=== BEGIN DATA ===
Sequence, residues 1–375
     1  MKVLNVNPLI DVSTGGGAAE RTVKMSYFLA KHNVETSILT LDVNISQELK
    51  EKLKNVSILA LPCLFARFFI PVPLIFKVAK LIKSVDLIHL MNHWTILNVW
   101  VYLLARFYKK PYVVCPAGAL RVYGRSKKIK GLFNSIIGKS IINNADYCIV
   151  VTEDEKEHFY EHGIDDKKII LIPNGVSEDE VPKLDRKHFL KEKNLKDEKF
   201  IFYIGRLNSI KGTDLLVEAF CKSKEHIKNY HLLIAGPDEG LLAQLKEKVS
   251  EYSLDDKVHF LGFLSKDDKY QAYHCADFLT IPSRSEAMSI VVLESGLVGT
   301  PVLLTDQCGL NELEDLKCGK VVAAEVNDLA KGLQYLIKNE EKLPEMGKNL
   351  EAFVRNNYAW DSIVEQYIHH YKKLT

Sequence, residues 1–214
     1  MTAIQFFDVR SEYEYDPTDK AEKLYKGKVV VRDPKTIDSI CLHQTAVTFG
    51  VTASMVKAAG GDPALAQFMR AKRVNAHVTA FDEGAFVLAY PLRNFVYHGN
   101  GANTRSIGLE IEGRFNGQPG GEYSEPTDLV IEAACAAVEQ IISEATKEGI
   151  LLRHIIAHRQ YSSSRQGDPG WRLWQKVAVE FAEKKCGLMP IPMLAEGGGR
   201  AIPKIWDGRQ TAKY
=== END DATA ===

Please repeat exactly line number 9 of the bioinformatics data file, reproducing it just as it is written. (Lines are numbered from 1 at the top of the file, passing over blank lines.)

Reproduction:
   351  EAFVRNNYAW DSIVEQYIHH YKKLT